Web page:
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Agent Double-O-Soul: Making Contact With The Great Edwin Starr

Charles Edwin Hatcher, born on January 21, 1942 in Nashville, is affectionately remembered by everyone who ever heard or met him as Edwin Starr.

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Edwin Starr photo: Bernd Muller/Redferns
Edwin Starr photo: Bernd Muller/Redferns

Probably one of the most underestimated soul singers, and certainly one of the nicest guys in the business, was born Charles Edwin Hatcher on January 21, 1942 in Nashville. He’s affectionately remembered by everyone who ever heard or met him as Edwin Starr.

Educated in Cleveland, he moved to Detroit after his military service, and had his change of name suggested to him by Don Briggs, the manager of the Bill Doggett Combo, with whom he sang. Edwin signed to Ed Wingate’s Ric-Tic label, a smaller soul outlet bravely providing some competition for Motown. They created the landmark singles “Agent Double-O-Soul” and “Stop Her On Sight (S.O.S.),” which put Starr’s name on the national and international map and showcased his exhilaratingly soulful vocal delivery.

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They also put his name under the nose of Berry Gordy, who bought out the Ric-Tic label in 1966 and gave Starr a much bigger platform for his talents. Even if he was never quite able to feel that he was dining from Motown’s top table, Starr was a powerful presence in the company’s roster, and was much admired overseas too, especially in the UK, where “Twenty-Five Miles” repeated its US Top 10 success.

Then came “War,” the Norman Whitfield/Barrett Strong number that Whitfield produced by the Temptations for their Psychedelic Shack album. Gordy resisted public demand for it to be a single, for fear of its liberal lyrics upsetting the group’s more conservative fans, whereupon Whitfield produced a new version with Starr. He owned the song, investing it with all the anger and frustration that the sentiment deserved. The result was a US pop chart-topper, and a No.3 ranking on both the R&B list and in the UK.

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Far from a one-song wonder, Starr returned to the R&B Top 10 soon afterwards with the sequel, “Stop The War Now,” and then with “Funky Music Sho’ Nuff Turns Me On.” But as the 1970s progressed, some more strong work at Motown found the going harder. He moved to the Granite label and then to 20th Century, where he joined that rare breed of veteran soulsters able to embrace the disco era, with the huge dancefloor and pop crossover favorite “Contact.” The song had its biggest success, at No.6, in the UK, which by now was his adopted home.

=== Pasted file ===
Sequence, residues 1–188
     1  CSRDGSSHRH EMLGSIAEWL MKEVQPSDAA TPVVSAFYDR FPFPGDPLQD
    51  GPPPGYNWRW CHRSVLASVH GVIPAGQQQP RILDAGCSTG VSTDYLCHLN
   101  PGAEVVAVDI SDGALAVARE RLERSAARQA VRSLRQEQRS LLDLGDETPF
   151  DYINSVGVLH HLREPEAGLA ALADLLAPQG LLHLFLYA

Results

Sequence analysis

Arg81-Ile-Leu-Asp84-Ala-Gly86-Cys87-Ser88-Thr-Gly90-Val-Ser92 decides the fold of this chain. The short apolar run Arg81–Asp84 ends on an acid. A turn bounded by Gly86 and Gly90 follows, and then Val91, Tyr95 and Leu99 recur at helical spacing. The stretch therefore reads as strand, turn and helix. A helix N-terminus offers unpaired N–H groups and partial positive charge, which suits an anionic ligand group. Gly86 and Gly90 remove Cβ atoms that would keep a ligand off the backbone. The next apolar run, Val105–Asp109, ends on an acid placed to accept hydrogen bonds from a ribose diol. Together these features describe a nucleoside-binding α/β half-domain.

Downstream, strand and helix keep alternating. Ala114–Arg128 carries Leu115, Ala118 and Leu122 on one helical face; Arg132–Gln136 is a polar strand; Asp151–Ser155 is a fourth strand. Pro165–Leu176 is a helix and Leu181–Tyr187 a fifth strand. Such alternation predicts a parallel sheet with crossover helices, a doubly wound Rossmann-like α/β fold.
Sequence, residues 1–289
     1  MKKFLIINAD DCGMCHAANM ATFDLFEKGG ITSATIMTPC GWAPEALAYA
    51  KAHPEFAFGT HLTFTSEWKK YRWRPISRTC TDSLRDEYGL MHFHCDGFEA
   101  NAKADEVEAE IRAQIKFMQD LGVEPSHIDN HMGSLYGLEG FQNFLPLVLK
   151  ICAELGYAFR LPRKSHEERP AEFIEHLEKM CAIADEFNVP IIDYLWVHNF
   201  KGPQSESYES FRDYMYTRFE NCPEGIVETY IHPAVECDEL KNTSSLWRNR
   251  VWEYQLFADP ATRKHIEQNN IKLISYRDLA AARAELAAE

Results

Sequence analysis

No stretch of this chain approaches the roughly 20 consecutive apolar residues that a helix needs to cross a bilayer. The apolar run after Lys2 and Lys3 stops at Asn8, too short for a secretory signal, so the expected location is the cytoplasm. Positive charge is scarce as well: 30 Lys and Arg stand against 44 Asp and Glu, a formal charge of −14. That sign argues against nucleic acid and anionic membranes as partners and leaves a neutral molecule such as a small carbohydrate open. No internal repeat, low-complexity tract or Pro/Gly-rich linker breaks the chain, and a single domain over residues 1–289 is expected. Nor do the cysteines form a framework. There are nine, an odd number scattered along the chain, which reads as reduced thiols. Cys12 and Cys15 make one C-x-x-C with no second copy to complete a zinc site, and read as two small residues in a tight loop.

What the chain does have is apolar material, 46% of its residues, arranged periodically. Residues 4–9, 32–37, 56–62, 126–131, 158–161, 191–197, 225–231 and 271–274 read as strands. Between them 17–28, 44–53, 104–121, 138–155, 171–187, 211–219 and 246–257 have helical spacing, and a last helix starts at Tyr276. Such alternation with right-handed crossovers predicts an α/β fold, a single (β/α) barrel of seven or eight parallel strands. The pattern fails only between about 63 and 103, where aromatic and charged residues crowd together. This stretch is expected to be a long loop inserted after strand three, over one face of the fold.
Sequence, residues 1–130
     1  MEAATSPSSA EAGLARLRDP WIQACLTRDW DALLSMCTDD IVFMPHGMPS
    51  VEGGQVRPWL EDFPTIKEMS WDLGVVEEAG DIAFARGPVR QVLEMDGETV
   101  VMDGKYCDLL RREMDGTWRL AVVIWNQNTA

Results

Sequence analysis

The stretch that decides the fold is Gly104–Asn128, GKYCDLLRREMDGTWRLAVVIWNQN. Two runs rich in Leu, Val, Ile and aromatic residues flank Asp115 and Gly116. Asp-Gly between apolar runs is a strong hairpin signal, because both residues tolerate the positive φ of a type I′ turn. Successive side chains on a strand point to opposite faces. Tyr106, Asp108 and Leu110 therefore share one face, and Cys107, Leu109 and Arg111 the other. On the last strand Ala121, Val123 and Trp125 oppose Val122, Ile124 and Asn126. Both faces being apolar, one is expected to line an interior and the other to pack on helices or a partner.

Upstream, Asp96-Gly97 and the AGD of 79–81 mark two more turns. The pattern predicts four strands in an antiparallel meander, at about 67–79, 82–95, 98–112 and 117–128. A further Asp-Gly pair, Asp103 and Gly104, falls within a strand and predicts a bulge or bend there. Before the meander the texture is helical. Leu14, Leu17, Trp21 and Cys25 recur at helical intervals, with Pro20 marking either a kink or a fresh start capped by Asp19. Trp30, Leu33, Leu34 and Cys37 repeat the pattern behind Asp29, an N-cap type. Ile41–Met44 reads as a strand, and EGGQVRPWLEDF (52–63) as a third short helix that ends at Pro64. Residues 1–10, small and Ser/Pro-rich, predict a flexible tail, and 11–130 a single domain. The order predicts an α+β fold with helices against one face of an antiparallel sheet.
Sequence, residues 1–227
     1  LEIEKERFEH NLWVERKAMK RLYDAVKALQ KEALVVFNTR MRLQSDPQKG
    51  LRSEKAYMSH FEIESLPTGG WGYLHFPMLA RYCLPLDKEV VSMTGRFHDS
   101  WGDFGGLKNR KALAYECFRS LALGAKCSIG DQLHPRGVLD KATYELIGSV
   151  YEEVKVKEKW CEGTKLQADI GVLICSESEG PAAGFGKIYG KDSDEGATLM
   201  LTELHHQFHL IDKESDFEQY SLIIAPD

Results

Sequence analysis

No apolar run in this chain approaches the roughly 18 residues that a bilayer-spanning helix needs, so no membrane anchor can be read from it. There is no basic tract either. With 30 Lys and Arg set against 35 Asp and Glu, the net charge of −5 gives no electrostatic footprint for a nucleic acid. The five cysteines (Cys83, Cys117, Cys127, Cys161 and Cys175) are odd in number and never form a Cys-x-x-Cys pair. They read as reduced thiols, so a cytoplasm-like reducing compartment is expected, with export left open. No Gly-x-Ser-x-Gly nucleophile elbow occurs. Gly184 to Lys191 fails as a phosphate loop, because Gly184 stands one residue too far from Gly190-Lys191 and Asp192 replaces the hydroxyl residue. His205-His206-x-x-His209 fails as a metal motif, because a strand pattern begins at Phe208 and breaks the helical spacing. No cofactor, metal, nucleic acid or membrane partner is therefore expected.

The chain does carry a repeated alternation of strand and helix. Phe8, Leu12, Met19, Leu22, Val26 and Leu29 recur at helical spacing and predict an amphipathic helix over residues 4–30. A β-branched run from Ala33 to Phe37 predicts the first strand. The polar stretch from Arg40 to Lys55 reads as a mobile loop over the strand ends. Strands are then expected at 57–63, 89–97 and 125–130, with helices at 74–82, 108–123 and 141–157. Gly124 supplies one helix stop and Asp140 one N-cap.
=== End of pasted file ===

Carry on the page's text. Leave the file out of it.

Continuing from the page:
Another UK top tenner followed with “H.A.P.P.Y. Radio,” and even if there were no further major recordings, Starr’s affable presence was never far from a stage or a studio. In 1999, attending a Bruce Springsteen concert near his Nottingham home in the English midlands, he was asked by The Boss to join him on stage for a version of “War.” Further admiration came the following year from dance act Utah Saints, with whom he was featured vocalist on a remake of his old “Funky Music” single, which became a UK Top 30 hit.

Listen to the Motown Classics playlist.

Edwin passed away after a heart attack on April 2, 2003. Happily, he lived to see himself named as “All-Time Favorite Artist” in a poll of more than 20,000 Northern Soul fans in Blues & Soul magazine. Then, in the UK in 2014, “War” was voted in at No.9 in the UK poll and programme to find The Nation’s Favourite Motown Song. He’s missed and admired in equal measure.

Buy or stream The Hits of Edwin Starr.

 

2 Comments

2 Comments

  1. bob

    October 15, 2015 at 9:01 pm

    saw him so many times never ever let the crowd down a perfect gent great singer and deservedly in the hall of fame. Gone but never forgotten x

  2. James J Beasley Jr

    January 22, 2022 at 12:19 pm

    I had the pleasure of meeting Edwin Starr after a concert at the Pallidium on in London. When he found out I was from Detroit we talked for an hour. He was so appreciated in the UK and stated that England was his new home and that he would never live in the USA again. He stated in Europe he was celebrated and appreciated for his body of work and not just judged on whether he had a current top 40 hit.

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